|Publication number||US5399718 A|
|Application number||US 08/187,123|
|Publication date||Mar 21, 1995|
|Filing date||Feb 1, 1994|
|Priority date||Dec 2, 1988|
|Also published as||CA2004471A1, CA2004471C, EP0609200A1, WO1990006296A1|
|Publication number||08187123, 187123, US 5399718 A, US 5399718A, US-A-5399718, US5399718 A, US5399718A|
|Inventors||Michael G. Costello, George G. I. Moore|
|Original Assignee||Minnesota Mining And Manufacturing Company|
|Export Citation||BiBTeX, EndNote, RefMan|
|Patent Citations (8), Non-Patent Citations (1), Referenced by (36), Classifications (30), Legal Events (5)|
|External Links: USPTO, USPTO Assignment, Espacenet|
This is a continuation of application No. 07/612,306, filed Nov. 13, 1990, which is a division of application No. 07/278,965, filed Dec. 2, 1988, both now abandoned.
This invention relates to perfluorinated organic substances and to a process for making them by the direct fluorination of their perfluorinateable precursors, such as ethers, alcohols, carboxylic acid esters, acid fluorides, sulfonyl fluorides, and sulfonate esters.
Prior to some relatively recent advances in direct fluorination, it was generally accepted that the highly exothermic reaction of fluorine, F2, with organic compounds is accompanied by quick evolution of heat and by one or more of such phenomena as carbon-carbon scission or fragmentation, polymer formation, ignition, combustion, and violent explosions, the heat removal being the main problem in direct fluorination--see, for example, U.S. Pat. No. 4,523,039 (Lagow et al.) and Kirk-Othmer "Encyclopedia of Chemical Technology", 3rd Ed., Vol. 10, pages 636, 840-855, John Wiley & Sons, Inc., New York (1980).
Various diverse fluorination methods or techniques which have been proposed to overcome problems in direct fluorination are dilution of the fluorine with an inert gas, use of low temperatures, use of inert solvents to dissipate heat, use of partially-fluorinated starting materials, dilution of the organic feed, use of hydrogen fluoride scavengers, and combinations of these techniques, such as that described by Adcock et al., J. Am. Chem. Soc., 103, 6937 (1981). In the process of Adcock et al., the organic is vaporized and condensed into aggregates around sodium fluoride aerosol particles at low temperatures (initially -65° C.) in carrying out the fluorination, but the yields of fluorinated product, e.g. tetraethylene glycol dimethyl ether, are relatively low.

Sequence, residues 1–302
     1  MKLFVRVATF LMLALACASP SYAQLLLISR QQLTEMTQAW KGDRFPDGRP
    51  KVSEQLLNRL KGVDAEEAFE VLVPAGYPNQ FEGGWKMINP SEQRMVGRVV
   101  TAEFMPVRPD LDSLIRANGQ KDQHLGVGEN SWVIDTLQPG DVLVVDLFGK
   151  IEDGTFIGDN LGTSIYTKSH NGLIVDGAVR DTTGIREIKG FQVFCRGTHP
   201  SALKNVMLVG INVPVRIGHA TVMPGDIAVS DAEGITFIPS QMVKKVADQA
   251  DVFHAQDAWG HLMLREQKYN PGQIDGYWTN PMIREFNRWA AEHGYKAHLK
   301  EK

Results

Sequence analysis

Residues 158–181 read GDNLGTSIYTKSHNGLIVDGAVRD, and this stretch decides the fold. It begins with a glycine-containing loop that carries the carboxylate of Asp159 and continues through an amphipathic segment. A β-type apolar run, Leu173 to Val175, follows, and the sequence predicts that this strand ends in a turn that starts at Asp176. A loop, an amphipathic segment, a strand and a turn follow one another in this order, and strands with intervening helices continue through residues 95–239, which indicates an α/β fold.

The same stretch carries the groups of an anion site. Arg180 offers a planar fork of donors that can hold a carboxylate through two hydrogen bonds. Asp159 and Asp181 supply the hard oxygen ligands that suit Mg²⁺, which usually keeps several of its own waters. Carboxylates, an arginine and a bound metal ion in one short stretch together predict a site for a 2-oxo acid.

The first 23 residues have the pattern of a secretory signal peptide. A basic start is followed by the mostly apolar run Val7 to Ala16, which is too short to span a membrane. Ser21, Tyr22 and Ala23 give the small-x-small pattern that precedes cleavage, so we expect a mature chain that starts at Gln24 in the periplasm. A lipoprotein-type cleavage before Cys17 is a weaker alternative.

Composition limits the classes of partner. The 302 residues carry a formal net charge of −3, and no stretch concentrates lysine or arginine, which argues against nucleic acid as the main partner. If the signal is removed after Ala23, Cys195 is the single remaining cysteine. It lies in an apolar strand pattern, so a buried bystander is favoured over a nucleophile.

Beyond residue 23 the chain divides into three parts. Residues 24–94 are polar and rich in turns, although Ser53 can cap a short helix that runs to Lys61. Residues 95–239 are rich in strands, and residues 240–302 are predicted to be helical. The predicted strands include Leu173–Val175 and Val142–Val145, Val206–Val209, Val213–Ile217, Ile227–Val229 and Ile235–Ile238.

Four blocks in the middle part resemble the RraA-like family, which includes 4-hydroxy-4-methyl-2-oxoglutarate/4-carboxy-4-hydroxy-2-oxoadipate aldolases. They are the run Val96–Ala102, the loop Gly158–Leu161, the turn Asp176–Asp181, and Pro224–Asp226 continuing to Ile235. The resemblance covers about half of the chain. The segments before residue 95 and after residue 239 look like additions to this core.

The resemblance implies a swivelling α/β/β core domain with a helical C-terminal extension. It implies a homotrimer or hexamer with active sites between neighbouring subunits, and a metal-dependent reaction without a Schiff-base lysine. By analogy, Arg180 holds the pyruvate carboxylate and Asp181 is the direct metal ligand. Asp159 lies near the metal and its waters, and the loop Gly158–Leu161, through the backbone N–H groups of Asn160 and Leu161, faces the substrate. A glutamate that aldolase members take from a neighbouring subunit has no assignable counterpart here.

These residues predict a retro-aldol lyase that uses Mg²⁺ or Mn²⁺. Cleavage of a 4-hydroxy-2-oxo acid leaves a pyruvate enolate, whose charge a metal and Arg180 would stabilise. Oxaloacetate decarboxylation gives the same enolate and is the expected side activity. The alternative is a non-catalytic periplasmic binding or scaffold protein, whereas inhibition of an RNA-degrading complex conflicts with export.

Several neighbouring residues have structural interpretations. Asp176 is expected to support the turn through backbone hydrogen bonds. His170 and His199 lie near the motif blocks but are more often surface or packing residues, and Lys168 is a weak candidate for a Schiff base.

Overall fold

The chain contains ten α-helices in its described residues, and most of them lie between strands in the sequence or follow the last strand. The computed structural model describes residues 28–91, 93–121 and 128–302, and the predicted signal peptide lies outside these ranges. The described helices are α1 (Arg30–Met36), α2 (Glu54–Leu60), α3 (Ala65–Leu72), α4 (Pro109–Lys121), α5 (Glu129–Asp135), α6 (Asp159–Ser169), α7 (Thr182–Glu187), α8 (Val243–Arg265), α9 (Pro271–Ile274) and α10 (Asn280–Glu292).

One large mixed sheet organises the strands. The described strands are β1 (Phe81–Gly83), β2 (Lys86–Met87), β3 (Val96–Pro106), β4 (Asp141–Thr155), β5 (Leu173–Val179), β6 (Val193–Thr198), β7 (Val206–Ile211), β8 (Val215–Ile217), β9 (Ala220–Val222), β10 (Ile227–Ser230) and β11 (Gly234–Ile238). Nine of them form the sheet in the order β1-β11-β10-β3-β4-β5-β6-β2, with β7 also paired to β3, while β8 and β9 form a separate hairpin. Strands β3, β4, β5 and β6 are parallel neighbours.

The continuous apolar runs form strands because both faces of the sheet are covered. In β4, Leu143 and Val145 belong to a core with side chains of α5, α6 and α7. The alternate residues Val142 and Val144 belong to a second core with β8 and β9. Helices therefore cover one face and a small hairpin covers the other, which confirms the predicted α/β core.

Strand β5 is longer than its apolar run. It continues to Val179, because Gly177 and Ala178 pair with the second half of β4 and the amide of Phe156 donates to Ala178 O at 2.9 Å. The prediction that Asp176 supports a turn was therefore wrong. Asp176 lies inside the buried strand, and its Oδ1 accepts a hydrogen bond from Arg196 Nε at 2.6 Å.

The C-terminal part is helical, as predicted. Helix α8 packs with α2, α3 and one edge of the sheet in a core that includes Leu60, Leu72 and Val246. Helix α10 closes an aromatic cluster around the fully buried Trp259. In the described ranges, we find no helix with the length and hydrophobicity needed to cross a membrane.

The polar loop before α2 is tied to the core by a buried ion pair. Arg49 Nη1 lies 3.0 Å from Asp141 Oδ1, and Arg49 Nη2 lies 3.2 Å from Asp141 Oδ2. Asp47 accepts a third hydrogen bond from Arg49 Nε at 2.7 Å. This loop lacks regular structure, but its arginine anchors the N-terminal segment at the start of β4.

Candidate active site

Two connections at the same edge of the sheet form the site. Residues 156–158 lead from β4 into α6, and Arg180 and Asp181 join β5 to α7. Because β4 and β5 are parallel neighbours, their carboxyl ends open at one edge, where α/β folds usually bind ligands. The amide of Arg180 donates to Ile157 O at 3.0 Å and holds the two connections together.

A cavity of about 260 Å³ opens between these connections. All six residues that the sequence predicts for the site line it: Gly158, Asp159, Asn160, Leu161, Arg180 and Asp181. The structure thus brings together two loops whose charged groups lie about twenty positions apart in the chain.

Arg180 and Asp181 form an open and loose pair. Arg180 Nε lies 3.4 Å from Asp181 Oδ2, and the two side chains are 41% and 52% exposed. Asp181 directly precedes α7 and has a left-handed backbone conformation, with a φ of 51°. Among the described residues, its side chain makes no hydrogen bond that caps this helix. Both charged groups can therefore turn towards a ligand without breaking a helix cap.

U.S. Pat. No. 4,755,567 (Bierschenk et al.) discloses a recent improvement, viz., the direct fluorination of hydrocarbon ether, such as polyethylene oxide and polydioxolane, at temperatures, for example, of 30° to 40° C., in the presence of hydrogen fluoride scavengers such as sodium fluoride. Although this fluorination technique of Bierschenk et al. results in significant yields of perfluorinated product, that product contains fractions with lower molecular weights than anticipated, due to fragmentations.
Another fluorination process is described in European Patent Application 0077114 (the Green Cross Corp.), published Apr. 20, 1983, in which the fluorination is carried out in an inert liquid medium, such as a perfluorochemical, with undiluted fluorine in stoichiometric excess, the relatively good or high yields of perfluorinated product apparently requiring use of a partially-fluorinated precursor and preferably requiring ultraviolet light.
U.S. Pat. No. 4,686,024 (Scherer et al.) discloses the liquid phase photofluorination of partially-fluorinated or non-fluorinated compounds with diluted or undiluted fluorine in perfluorohexane, 1,1,2-trichloro-1,2,2-trifluoroethane, or a mixture thereof as a reaction medium in which the starting material is soluble.
European Patent Application 0269029 (Ausimont S.p.A.), published Jun. 1, 1988, also describes a liquid phase process for preparing perfluoroethers. The process involves the direct reaction of elemental fluorine, which is diluted with an inert gas, with an "hydrogenated ether compound" in the presence of a perfluoropolyether compound and an alkali metal fluoride. High yields of thoroughly fluorinated compounds are achieved, but the method requires the use of the alkali metal fluoride as a hydrogen fluoride scavenger.